Full story

Law Society’s Gazette, 6th June 2016

Source: www.lawgazette.co.uk

Regina v AXN; Regina v ZAR – WLR Daily

Regina v AXN; Regina v ZAR [2016] EWCA Crim 590

‘Where an offender convicted of a crime has rendered assistance to the police or other law enforcement authorities, the police may provide the court with information regarding the assistance rendered in a confidential letter signed by a senior police officer, known as a “text”, but the obligation of the police to provide a text when requested by the offender is a very limited one. Although the court will always expect the police to inform the court of the fact that the police have made a decision not to provide a text as matter of case management, it is sufficient if the police merely state that they will not provide any information to the court in relation to the offender’s assertions of assistance. The police are not required to give any explanation of their reasons for the decision, or the stage at which they decided not to provide any information. The police need do no more than say that the police will not provide any information to the court. Such a statement to the court can generally be provided by letter and not by text. There may unusually be circumstances where the police would have to reveal in the reply the assertions of the offender that he had provided assistance; in such a case it might therefore be necessary to provide the response in the form of a text. Whether it is provided by letter or text, it must be signed by a senior officer of police (normally a superintendent) or an equivalent senior official in other law enforcement agencies (paras 6, 18, 22).’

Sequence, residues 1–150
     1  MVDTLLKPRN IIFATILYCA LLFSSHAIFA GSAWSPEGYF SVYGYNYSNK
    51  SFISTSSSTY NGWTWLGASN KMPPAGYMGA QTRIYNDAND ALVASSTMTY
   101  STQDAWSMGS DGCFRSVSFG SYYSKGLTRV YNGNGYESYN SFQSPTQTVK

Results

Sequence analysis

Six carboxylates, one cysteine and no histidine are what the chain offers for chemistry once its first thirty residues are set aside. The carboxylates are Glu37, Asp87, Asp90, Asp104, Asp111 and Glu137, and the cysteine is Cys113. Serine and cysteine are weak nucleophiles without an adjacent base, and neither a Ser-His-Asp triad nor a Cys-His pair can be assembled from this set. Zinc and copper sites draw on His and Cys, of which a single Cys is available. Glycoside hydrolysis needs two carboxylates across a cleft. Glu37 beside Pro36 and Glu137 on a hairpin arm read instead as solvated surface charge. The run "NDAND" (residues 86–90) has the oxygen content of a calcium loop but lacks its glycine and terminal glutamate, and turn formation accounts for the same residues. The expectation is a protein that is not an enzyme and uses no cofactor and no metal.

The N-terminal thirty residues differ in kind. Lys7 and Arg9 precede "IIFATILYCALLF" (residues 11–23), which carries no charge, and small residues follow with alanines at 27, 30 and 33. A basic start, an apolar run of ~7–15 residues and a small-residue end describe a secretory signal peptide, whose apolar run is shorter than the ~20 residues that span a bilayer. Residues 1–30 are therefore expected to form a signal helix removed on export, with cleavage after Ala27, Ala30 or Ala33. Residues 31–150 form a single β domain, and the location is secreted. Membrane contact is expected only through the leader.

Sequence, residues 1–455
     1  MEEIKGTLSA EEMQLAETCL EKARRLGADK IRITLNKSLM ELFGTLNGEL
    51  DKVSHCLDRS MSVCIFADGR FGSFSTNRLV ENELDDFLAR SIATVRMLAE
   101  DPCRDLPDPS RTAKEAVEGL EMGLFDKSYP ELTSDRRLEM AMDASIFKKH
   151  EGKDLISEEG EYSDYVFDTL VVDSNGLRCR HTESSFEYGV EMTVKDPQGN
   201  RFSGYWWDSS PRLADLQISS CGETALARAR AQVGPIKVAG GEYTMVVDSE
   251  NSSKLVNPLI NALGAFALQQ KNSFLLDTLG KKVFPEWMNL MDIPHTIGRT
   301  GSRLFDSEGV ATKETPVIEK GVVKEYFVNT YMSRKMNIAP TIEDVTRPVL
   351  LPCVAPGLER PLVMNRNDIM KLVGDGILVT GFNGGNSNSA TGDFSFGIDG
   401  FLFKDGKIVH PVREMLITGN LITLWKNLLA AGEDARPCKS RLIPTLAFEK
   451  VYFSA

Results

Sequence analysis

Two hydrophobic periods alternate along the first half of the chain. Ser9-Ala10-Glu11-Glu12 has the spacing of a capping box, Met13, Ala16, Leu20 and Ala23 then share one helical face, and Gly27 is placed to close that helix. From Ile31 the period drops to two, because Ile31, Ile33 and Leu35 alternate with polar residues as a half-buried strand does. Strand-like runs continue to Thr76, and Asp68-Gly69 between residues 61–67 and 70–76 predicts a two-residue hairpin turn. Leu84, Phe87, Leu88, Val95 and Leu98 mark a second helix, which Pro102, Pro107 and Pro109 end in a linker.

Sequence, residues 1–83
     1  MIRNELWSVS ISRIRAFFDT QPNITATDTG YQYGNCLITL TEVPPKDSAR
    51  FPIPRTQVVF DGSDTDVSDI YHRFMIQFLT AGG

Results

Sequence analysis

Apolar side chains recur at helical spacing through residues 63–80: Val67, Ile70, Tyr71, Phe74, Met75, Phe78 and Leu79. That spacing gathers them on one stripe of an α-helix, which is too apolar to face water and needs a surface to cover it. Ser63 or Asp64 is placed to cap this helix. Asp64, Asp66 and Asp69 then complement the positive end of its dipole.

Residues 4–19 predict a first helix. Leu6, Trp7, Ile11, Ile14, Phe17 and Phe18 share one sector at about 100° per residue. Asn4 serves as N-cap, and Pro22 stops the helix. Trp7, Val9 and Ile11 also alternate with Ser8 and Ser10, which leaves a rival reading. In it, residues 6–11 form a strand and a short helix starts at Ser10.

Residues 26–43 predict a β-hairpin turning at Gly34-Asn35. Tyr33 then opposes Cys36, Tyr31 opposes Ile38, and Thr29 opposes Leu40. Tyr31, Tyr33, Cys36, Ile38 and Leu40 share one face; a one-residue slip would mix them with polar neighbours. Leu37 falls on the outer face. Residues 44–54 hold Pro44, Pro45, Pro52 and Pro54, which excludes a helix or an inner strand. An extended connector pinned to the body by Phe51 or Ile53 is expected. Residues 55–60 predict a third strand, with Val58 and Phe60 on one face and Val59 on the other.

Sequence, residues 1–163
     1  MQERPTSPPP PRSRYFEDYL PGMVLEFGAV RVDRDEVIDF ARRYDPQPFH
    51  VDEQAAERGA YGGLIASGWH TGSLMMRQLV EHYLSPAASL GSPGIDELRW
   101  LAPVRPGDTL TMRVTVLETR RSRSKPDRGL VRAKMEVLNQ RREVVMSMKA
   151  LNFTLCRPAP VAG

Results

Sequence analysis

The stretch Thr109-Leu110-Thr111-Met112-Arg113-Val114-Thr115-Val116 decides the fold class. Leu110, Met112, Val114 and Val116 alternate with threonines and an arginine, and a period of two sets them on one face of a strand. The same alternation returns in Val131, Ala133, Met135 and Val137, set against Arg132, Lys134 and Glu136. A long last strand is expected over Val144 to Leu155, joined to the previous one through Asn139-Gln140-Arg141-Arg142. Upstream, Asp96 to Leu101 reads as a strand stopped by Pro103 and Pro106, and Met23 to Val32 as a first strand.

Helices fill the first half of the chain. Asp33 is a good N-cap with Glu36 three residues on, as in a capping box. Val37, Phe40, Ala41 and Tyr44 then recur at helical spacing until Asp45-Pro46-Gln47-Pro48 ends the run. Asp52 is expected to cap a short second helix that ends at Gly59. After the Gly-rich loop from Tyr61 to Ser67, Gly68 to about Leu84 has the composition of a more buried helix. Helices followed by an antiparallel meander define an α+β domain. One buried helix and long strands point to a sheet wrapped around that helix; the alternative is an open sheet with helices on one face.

WLR Daily, 27th May 2016

Source: www.iclr.co.uk

Examining the effectiveness of celebrity injunctions – Halsbury’s Law Exchange

‘Is the Supreme Court’s decision in PJS v NGN [2016] UKSC 26, [2016] All ER (D) 135 (May), as Lord Toulson suggests, out of touch with reality? Sara Mansoori, barrister at Matrix Chambers, considers the wider consequences of the case and suggests that even when information is in the public domain, the law of privacy can prevent repetition of that information where such repetition can cause unwarranted distress.’

Full story

Halsbury’s Law Exchange, 25th May 2016

Source: www.halsburyslawexhange.co.uk

Confidential Communication With Lawyers Is A Human Right, Even For Prisoners – RightsInfo

‘Part of being in prison is that your rights and freedom are restricted. But prisoners do retain some rights – this was re-confirmed by the highest UK court 15 years ago today.’

Full story

RightsInfo, 23rd May 2016

Source: www.rightsinfo.org

The celebrity threesome case risks undermining the law – The Guardian